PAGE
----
Most readers are aware that U.S. Treasuries have been a great investment over the past 10 and 20 years. With interest rates on a constant downtrend over this time frame, the value of risk-free Treasury bonds continued to climb year after year. For example, the Vanguard Intermediate Term Treasury Fund (MUTF:VFITX) has returned about 5% per year in the past 10 years, and 6% since inception in 1991 (see chart below) - excellent for what defines a risk-free investment.
Most investors consider past performance to make investment choices. The results for Treasuries would support continued investment in this sector; however, in this case, past performance is truly not indicative of likely future results. Interest rates have been on the decline for many years, fueling returns in Treasuries that is far outpacing the actual stated yield of the bonds. As seen in the chart below, the 10-year Treasury rate declined from 4%-5% in 2007-2008 to today's sub-2% levels. The 10-year Treasury rate today stands at about 1.7% - how will it be possible to generate 4% to 6% returns on these bonds going forward, or even 2% to 3% returns? The only way this could happen is with further declines in interest rates fueling increases in Treasury bond prices.
My view is that future interest rate declines are unlikely, and impossible at the magnitude of previous declines unless they go deep into negative territory. While I am not calling for a rapid rise in rates, and rates may in fact stay at these low levels for many more years, the chances of further declines is far outweighed by the likelihood of rate increases, which will hurt returns on Treasuries.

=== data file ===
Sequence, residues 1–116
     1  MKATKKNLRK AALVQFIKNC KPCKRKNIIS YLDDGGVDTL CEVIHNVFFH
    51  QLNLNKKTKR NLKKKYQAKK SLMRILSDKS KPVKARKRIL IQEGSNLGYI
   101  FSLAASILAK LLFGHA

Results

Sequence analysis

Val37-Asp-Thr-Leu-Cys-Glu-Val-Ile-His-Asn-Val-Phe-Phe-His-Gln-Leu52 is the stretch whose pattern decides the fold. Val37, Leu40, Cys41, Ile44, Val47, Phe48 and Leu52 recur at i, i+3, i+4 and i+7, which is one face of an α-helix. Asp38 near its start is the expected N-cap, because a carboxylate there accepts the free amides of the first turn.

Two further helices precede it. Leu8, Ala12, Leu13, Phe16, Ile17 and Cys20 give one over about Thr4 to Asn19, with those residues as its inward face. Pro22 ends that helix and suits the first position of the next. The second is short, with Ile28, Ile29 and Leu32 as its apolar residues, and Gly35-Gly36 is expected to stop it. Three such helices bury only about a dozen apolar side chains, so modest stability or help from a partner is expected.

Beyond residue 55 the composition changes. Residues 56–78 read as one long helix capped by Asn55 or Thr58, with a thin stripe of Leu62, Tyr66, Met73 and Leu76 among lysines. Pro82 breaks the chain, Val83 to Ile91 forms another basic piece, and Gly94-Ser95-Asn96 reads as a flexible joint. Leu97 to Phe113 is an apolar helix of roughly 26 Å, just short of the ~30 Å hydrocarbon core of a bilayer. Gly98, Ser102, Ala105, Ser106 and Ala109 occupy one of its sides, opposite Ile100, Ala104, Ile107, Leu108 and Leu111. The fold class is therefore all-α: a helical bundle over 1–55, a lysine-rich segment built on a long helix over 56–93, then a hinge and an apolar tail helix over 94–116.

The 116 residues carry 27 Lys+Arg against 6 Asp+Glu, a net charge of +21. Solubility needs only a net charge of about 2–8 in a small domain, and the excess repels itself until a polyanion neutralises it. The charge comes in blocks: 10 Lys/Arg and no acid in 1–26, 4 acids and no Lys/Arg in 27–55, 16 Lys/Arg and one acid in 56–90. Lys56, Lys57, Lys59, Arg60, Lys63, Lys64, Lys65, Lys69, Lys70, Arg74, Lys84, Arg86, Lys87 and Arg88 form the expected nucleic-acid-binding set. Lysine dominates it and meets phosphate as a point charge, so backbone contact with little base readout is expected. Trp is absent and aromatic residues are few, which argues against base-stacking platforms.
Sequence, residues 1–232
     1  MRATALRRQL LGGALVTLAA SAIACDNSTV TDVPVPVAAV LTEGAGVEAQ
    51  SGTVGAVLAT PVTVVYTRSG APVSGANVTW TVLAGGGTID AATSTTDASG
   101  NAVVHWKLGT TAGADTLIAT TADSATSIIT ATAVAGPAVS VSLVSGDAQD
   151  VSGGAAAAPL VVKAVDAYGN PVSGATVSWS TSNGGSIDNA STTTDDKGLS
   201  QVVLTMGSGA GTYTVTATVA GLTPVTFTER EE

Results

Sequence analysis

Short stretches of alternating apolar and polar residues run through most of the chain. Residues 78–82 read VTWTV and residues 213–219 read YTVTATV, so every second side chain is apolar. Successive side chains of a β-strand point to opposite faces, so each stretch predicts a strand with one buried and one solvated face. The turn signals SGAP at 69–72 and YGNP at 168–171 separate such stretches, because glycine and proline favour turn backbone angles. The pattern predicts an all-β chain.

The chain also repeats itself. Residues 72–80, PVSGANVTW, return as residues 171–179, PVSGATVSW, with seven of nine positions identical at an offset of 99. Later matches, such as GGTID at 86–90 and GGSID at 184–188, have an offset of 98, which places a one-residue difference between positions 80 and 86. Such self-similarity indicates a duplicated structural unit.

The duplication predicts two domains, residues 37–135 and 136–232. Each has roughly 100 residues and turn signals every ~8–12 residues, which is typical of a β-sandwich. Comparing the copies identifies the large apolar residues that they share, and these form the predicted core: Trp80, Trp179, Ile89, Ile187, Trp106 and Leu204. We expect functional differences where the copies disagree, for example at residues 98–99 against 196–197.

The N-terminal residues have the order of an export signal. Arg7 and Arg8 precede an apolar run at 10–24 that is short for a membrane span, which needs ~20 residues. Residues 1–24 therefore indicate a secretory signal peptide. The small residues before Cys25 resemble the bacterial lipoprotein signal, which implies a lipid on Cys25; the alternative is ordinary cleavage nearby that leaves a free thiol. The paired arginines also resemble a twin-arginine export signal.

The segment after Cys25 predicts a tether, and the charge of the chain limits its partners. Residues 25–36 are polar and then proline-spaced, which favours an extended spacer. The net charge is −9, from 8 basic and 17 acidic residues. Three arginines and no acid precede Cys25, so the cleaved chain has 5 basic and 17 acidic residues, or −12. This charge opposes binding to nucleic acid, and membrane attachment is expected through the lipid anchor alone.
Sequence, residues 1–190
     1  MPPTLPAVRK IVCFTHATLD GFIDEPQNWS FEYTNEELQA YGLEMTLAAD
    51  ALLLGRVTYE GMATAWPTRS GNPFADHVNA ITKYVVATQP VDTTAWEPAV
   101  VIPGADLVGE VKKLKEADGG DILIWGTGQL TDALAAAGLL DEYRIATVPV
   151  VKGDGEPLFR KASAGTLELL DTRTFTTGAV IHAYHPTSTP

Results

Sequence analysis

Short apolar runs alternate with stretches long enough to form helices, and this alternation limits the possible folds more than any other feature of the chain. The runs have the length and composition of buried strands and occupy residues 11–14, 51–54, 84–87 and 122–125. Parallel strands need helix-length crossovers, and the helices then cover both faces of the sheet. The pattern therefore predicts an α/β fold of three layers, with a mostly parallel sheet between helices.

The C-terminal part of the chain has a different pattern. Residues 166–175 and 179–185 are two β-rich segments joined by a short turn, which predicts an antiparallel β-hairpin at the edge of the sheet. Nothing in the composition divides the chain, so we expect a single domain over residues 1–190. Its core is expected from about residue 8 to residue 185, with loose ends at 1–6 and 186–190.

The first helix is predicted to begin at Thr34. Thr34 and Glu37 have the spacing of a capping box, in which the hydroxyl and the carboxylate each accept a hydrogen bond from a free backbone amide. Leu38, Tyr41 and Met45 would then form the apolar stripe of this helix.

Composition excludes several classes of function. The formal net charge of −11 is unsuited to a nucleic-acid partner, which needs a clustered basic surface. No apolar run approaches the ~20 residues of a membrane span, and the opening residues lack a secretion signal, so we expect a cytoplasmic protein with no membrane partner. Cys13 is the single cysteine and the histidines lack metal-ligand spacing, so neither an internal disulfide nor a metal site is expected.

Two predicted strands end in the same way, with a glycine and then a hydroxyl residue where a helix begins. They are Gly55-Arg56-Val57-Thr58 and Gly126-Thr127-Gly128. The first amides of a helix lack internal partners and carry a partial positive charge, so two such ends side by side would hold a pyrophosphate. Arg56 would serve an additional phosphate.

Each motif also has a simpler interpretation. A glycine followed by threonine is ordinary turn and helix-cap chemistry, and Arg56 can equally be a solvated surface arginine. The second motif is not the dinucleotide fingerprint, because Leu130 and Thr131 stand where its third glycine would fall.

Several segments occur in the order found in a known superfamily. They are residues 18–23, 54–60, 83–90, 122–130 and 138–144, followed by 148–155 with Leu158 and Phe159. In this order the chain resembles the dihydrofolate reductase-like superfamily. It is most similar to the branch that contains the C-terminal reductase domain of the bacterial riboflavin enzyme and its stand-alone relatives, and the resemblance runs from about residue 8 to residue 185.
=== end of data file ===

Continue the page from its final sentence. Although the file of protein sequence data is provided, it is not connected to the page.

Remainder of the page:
In my view, Treasuries are not attractive today and possibly toxic, as the opportunity cost of locking in very low rates for 5 years, 10 years and longer can be high. Treasuries will struggle to earn more that their stated yield, and in fact, may show losses if rates begin to creep up (which will then require investors to hold their bonds to maturity to realize even the stated bond yield). This reality has negative implications for "robo advisors" and other investment models which automatically allocate significant assets to Treasuries. If one believes rates are headed lower, then by all means continue to buy Treasuries, but realize that while the credit risk might be zero, the interest rate risk is elevated.
So what is the alternative for investors seeking an ultra-safe place to park their cash outside of a bank account or CD? The alternative is what I call "Super High Grade" corporate bonds. While by definition higher risk than U.S. government obligations, the credit risk of these companies is virtually zero in my view, especially for the time horizons noted. Here are some ideas:
JPMorgan Chase (NYSE:JPM) - 2.55% of 10/29/2020 (about 4 years), priced at 102.1 to yield 2.0%, rated A3/A-. CUSIP 46625HNX4.
Wells Fargo Bank (NYSE:WFC) - 2.5% of 3/4/2021 (about 4.5 years), priced at 102.0 to yield 2.0%, rated A2/A. CUSIP 949746RS2.
General Electric (NYSE:GE) - 2.125% of 12/15/2020 (about 4.25 years), priced at 101.3 to yield 1.8%, rated A1/AA+. CUSIP 36966TLD2.
And then to the Apple bonds (TICKER: AAPL), rated Aa1/AA+. Their 1.55% 8/4/2021 bonds, or just under 5 years (CUSIP 037833CC2) are available at 99.8 to yield 1.6%.
There are other choices from these highest quality investment grade bonds. The main theme is to keep it short, since at these yield levels, I would never want to go past 5 years. Shifting allocations from Treasuries to these type of bonds will significantly reduce interest rate risk and boost yields for what is, in my opinion, a virtually zero increase in credit risk.
Disclosure: I do not own bonds in the issues noted since the low yields do not fit my personal investment strategy. These bond issues have been purchased for client accounts.
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